What role and responsibility do faculty and their higher education institutions have in supporting educators personal and professional use of social media, in and out of the classroom? Activity on social media platforms is on the rise, with adoption starting in the early teen years, as well as, into the later years of life. In the middle exists working adult professionals, balancing personal and professional capacities in-person and online. Social media is challenging the concept of appropriate means of professionalism, especially for faculty.
The gap of younger and older adults using social media is decreasing, especially in the last two years, 25% in 2009 to 51% in 2011 (Tess, 2013). Further, 52% of adults have two or more social media profiles. Hickman and Techlehaimanot (2011) conducted a study, exploring faculty and students interactions online. As a result, faculty were observed on Facebook and that it was allowing opportunities for student-faculty interaction.
Faculty and scholars have also been seen using Twitter, specifically blurring the lines of professional and personal (Veletsianso, 2011). The role challenges that faculty are placed in, by utilizing social media tools, may go against what the institutional culture they work for is (2011). Veletseianos and Kimmons (2013) also claimed that social media use with scholars have tensions, as they attempt to maintain relationships and connections professionally and non-professionally.
Many faculty may question if the time spent on social media is worth it, as they juggle other responsibilities at work and home (Veletsianos, 2013). When looking at how to overcome hurdles to social media in education, 3,875 faculty members were studied, revealing 44.7% use social media professionally, 64.4% personal and only 33.8% in the classroom. A few reasons may account for this vast difference. According to Veletsianos (2013), social media used by faculty may come into conflict with tradition metrics of success used in the academy. Also, if the faculty member has a negative attitude on social media, adoption in the classroom will be affected (Rodriguez, 2011).
Faculty may also worry about student perception of their personal, professional, or in-class usage. In looking at hurdles to social media in education, Tinti-Kane (2013) noted eight barriers for faculty use on social sites for teaching, including (p. 3):
- Integrity of student submissions
- Concerns about privacy
- Separate course and personal accounts
- Grading and assessment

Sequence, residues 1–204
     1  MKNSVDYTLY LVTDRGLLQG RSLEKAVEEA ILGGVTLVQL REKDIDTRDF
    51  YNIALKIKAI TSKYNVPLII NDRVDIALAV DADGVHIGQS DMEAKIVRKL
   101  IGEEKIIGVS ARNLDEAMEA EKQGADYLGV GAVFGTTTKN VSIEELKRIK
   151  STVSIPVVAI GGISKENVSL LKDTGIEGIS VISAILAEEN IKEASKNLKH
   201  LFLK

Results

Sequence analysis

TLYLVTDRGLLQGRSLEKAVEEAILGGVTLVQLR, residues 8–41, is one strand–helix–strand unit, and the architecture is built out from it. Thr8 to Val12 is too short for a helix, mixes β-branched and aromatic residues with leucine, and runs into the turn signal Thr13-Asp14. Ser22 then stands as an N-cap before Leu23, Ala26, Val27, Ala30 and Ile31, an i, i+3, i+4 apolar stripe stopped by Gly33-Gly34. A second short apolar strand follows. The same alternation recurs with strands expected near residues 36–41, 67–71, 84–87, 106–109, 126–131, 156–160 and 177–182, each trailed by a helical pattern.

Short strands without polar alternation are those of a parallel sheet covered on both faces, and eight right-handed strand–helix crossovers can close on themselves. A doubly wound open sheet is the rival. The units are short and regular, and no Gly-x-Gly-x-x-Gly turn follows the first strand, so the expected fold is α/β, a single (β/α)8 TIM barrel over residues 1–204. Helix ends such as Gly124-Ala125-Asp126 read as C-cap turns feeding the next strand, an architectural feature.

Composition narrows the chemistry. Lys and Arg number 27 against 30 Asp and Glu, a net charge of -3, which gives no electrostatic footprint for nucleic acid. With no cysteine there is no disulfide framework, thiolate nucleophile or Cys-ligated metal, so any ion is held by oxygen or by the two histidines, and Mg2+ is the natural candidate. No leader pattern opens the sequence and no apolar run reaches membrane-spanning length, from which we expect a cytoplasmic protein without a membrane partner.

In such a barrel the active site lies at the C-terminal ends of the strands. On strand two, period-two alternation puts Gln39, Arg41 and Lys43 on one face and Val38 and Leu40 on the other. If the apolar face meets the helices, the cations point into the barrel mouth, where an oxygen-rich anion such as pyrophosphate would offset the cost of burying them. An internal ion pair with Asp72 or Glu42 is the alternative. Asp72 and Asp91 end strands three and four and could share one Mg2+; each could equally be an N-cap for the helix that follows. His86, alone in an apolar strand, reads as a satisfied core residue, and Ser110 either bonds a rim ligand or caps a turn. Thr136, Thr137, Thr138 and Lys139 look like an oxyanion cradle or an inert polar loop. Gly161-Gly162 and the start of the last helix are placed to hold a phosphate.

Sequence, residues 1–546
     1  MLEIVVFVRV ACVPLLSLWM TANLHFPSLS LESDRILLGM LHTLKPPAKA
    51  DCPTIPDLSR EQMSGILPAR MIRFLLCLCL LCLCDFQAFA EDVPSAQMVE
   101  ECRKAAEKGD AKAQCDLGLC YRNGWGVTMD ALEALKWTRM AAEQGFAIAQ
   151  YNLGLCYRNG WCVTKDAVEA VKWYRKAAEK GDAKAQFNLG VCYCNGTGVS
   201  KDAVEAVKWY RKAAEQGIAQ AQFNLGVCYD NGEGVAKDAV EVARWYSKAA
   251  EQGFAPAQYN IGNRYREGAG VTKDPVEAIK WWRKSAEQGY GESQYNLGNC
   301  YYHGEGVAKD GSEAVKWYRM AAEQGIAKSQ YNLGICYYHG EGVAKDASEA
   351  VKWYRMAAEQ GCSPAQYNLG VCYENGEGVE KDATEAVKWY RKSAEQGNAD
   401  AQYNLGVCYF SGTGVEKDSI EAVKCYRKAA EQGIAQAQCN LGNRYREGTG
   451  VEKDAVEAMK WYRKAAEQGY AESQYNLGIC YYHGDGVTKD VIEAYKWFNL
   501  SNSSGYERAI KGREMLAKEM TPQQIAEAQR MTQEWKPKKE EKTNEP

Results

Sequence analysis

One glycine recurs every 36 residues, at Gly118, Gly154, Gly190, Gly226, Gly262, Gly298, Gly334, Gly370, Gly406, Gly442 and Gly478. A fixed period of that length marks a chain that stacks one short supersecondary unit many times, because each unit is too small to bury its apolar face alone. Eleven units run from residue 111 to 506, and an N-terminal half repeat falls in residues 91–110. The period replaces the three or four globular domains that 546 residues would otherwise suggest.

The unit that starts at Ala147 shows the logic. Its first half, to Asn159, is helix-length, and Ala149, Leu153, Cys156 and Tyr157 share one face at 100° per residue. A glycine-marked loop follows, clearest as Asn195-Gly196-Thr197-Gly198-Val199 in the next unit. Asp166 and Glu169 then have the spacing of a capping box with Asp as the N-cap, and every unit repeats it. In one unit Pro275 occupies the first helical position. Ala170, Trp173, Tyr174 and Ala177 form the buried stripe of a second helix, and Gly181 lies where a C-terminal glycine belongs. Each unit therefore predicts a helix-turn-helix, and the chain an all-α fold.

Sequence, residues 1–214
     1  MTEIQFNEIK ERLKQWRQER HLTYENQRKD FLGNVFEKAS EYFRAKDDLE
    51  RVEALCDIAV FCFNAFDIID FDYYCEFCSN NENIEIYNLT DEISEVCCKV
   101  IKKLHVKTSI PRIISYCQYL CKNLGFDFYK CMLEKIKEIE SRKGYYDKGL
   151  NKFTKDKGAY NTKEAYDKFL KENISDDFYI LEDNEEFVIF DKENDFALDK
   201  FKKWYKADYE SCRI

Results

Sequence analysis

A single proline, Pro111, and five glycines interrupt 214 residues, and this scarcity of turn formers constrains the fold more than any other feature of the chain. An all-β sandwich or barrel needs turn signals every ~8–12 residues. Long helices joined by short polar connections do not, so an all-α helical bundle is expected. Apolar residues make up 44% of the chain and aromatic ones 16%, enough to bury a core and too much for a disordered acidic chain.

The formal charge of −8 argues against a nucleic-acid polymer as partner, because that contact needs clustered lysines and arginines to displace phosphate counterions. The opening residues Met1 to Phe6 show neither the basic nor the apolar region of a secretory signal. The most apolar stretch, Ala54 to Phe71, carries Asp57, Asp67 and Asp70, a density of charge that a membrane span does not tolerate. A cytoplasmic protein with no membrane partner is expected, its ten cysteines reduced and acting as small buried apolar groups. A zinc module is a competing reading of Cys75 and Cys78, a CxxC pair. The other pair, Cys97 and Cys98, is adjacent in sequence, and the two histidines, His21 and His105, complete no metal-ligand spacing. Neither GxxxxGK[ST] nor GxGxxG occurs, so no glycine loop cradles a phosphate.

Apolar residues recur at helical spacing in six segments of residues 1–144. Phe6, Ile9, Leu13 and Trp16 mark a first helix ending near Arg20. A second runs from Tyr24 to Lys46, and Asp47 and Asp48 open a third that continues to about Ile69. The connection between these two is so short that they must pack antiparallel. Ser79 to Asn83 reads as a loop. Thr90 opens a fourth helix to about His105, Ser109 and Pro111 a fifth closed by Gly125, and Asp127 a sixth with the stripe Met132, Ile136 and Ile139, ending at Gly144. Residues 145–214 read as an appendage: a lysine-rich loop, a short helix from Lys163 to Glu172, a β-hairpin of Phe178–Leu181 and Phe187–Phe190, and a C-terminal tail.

- Inability to measure effectiveness
- Lack of integration with learning management system
- It takes too much time to learn or use
- Lack of support and my institution
The types of usage most commonly seen in the classrooms are blogs and wikis (Tinti-Kane, 2013). A more passive use of technology is sharing videos, with 80% of the faculty surveyed using sites such as YouTube for teaching (2013). Veletsianos (2013) study asked what activities and practices arise when researchers and educators use social media, finding that usage includes both in class and professional (non-class) use. Examples include announcements, sharing manuscript drafts, releasing a class textbook, offering syllabi, live streaming, blogging, live tweeting at a conference, being part of a debate on a professional topic, releasing tenure documents, developing videos, and seeking help (2013). This study found that even personal sharing was valuable in the academic community. This was observed through twitter, where author Veletsianos claims that “It appears that engagement with and sharing about issues unrelated to the profession is a value that is celebrated by this community” (2013, p. 646).
Institutions need to take on an active role in supporting and directing faculty, especially new to social media, including raising awareness of the existing policies, legal parameters and best practices that exist. With this in mind, institutions need to develop a social media policy that encompasses classroom usage, as well as, an understanding of personal/professional usage for all members of the university community. This should not be a means of restriction, rather a message of support, blended with protection of the university.
The tools social media provides higher education have implications for students, faculty, administrators, academic institutions, and society. The more each of these groups understand these tools, the more the field of education will learn in balancing the numerous related issues.
Tinti-Kane (2013) puts forth a call to educators,